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Interview: Ethical Fashion with Bhalo

When you think of clothes, do you factor ethics into the equation?

Well, the owners of the Australian company, Bhalo, do just that by creating quality garments and improving the lives of their employees in Bangladesh. I have always been on the lookout for companies that are well-rounded, not only treating their customers with respect but also their employees and manufacturers. Often, we pay more attention to how cheaply we can purchase a garment without questioning the hidden cost behind its creation. With Bhalo, I’ve gained such a refreshing perspective on apparel production that I wanted to share their story with you.

What is the meaning behind the name Bhalo and how does it relate to your label?

Bhalo is the Bangla word for ‘good’. When I started the label with my business partner Shimul (who is Bangladeshi) we just wanted a simple word that conveyed what we were trying to do with the label. We just wanted to be good, in all senses of the word! ‘Good’ in terms of quality design and more importantly, ‘good’ in terms of ethics.

What is your inspiration for the clothing designs?

We get inspiration from anything really, but our biggest inspiration is Bangladesh. We have come to be known for our Bangladeshi-style prints and embroidery, which are inspired by traditional Jamdani (woven muslin) and Nakshi Kantha (hand embroidery) techniques and patterns. There is really so much variety and history in Bangladesh, I don’t think we could ever run out of inspiration.

Bhalo is a fair-trade label that employs people from Bangladesh. What made you choose this particular country? How has it influenced the manufacturing process?

I chose Bangladesh after volunteering at a school in Dhaka for 3 months back in 2008. I was teaching English and really fell in love with the people. It was there that I met Shimul, who had been working with rehousing and finding jobs for families from the slums of Dhaka. When he found out that I was a designer he proposed that we somehow used both of our specific skills to help disadvantaged people in his country.

It took us a long time to find the right people to work with. We now work with 2 producers – one in a village 5 hours from Dhaka, comprised of 200 women, and a group of indigenous weavers from tribal areas of Bangladesh. Both groups are comprised of marginalised people who need the work to make a living. We originally wanted to work in the slums of Dhaka, but we realised that the slums were inhabited mainly by rural migrants who had left their home in search of work. So we thought if we took the work to villages it would give people less reason to migrate to Dhaka. This is turn keeps families together and reduces the stress on an already exploding city where where 500,000 people migrate annually from rural areas seeking employment or education.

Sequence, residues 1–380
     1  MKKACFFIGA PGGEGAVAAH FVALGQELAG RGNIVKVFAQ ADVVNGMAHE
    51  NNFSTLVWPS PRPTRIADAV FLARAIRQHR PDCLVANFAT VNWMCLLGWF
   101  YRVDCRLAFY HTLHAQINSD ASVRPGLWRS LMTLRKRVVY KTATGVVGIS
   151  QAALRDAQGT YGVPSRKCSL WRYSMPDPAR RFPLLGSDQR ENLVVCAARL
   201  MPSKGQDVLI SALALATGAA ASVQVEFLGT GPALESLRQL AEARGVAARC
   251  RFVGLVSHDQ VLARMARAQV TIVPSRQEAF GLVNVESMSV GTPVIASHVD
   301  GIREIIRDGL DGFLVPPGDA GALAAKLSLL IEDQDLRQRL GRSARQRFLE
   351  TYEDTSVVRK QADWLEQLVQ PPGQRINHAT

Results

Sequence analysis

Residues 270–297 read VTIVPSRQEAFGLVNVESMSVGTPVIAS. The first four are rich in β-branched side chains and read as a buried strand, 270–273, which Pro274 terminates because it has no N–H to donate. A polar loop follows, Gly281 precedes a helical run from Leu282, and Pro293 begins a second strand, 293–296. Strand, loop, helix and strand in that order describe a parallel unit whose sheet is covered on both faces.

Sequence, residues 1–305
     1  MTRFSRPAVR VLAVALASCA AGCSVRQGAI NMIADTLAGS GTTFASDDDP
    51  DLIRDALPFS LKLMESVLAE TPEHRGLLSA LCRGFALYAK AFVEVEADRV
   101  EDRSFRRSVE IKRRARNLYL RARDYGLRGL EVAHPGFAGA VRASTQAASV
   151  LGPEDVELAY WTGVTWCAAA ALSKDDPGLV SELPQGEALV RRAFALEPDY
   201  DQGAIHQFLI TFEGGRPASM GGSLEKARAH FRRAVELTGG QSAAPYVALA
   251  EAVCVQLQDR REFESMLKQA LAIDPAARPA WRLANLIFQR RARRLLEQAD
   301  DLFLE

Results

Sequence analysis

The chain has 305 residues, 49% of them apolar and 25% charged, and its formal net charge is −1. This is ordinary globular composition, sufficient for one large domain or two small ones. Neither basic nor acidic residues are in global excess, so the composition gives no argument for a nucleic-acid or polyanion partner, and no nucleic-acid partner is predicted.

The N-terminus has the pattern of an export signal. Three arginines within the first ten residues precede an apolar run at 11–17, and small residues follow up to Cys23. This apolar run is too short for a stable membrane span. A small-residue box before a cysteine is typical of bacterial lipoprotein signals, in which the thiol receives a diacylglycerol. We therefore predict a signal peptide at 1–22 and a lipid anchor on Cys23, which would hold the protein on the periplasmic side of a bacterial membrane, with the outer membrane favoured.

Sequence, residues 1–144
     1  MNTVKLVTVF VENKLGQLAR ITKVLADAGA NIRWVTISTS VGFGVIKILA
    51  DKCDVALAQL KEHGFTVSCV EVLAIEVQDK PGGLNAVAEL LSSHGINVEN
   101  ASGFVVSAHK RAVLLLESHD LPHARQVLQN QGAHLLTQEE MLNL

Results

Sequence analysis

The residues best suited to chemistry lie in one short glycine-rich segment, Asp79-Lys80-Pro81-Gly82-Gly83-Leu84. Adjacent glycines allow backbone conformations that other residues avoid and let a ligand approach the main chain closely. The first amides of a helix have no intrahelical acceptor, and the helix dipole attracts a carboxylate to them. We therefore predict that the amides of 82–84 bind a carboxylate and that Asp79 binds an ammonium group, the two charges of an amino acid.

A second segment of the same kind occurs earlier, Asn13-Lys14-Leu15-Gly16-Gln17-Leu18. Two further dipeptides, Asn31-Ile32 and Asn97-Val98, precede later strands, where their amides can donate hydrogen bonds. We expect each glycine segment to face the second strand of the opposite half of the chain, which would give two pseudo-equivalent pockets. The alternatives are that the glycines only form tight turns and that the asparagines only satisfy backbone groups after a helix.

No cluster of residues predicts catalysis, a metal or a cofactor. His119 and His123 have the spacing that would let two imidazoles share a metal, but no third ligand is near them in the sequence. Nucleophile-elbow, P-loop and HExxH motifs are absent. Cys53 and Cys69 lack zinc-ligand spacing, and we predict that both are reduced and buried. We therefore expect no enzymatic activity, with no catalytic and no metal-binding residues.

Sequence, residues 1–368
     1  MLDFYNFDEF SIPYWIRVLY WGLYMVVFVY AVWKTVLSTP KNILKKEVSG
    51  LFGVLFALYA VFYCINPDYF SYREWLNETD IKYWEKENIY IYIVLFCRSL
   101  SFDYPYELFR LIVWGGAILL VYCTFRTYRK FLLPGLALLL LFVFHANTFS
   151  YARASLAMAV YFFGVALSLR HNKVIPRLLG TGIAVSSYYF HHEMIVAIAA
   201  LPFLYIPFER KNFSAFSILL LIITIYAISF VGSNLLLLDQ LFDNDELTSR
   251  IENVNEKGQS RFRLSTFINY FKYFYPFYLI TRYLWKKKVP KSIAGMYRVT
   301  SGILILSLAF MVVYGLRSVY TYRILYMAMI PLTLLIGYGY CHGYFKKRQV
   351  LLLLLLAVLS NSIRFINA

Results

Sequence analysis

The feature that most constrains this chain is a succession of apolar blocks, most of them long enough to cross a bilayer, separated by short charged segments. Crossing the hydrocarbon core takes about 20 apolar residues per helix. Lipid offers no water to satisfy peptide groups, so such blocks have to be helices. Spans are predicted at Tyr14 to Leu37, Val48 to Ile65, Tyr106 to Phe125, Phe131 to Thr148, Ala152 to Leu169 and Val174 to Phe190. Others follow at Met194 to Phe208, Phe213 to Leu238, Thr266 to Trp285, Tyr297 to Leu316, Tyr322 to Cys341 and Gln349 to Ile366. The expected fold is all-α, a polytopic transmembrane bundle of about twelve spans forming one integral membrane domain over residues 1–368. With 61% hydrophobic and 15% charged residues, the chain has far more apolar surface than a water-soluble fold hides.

Because we work in rural and remote areas, things like electricity and technology are not always available, which is why we focus on hand made garments. This allows isolated people to make a living without having to outlay large amounts of money for machinery or generators. The mechanisation of the garment industry has led to a loss of employment for rural people in Bangladesh so we wanted to support that industry in any way that we can, and keep the family traditions going.

Describe the person that would wear Bhalo designs.

Someone with discerning style yet unpretentious, and conscious of the world around her. And hopefully looking hot because she is wearing Bhalo!

What would like to see changed in the fashion industry?

I think that ethics should be a given. I don’t think we deserve a pat on the back for simply not exploiting people – to me that should be expected. I would also like to remove this idea that we all need 1000 cheap items of clothing and that garments are disposable. We all need to be more conscious of who is making our clothes. I certainly don’t want a cheap shirt enough that I will justify a small child sweating over it. Its just a shirt. I would rather go naked!

What do you see for Bhalo in the future?

In the short term, we are about to launch our next collection ‘Golden Year’ in late August, which we are excited about. Long term, we want Bhalo to eventually expand to including more types of accessories, and also start working with some new producer groups in Bangladesh. We also really want some new international stockists, particularly in USA, Canada and Europe. Apart from that we would just love the opportunity to keep doing this for as long as possible – we are loving every minute of it!

For more information, go to: http://www.bhaloshop.com/

FYI, the current collection goes on sale June 25th and the new collection will debut in August.

*All photos provided by Bhalo

{ 3 comments… add one }
  • Stephanie June 20, 2011, 8:12 am

    I really love this line. Of course, if I were to buy an item from it, it would have to be a present of sorts (it’s beyond my budget =/) BUT the Mota Shorts, the Shipbreaker dress in gold and the Shefali skirt in peach are calling my name!

  • kimchi girl June 20, 2011, 5:41 pm

    great interview jess! very eye-opening. it’s actually sad that a company like this is not the norm, and makes me realize we all need to be conscious of where our clothing comes from.

    thanks so much for such an informative interview!

  • Anonymous June 22, 2011, 3:15 am

    I’m so in love with the cropped shirt worn by the model on the first picture. Maybe I can craft something similar.

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